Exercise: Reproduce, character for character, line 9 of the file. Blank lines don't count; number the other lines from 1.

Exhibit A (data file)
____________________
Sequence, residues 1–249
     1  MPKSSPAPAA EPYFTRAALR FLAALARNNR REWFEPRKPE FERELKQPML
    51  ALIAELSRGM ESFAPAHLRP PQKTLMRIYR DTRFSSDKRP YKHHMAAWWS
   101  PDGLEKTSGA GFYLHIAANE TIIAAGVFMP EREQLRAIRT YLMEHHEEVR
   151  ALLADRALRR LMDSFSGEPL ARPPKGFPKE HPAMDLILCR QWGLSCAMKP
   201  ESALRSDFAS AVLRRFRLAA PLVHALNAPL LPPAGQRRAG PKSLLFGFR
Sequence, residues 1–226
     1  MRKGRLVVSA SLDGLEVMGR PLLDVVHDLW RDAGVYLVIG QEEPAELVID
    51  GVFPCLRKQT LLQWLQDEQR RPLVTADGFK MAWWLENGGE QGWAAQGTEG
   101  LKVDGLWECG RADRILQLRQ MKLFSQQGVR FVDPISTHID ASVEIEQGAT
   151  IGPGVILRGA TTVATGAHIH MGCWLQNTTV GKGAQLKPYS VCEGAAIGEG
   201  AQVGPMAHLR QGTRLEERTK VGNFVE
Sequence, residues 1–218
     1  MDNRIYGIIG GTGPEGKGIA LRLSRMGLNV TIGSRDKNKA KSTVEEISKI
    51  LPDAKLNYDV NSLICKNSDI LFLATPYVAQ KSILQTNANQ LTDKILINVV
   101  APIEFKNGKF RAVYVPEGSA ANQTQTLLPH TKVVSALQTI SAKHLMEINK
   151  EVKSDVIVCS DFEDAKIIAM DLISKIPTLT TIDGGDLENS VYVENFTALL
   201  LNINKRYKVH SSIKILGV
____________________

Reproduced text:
    51  GVFPCLRKQT LLQWLQDEQR RPLVTADGFK MAWWLENGGE QGWAAQGTEG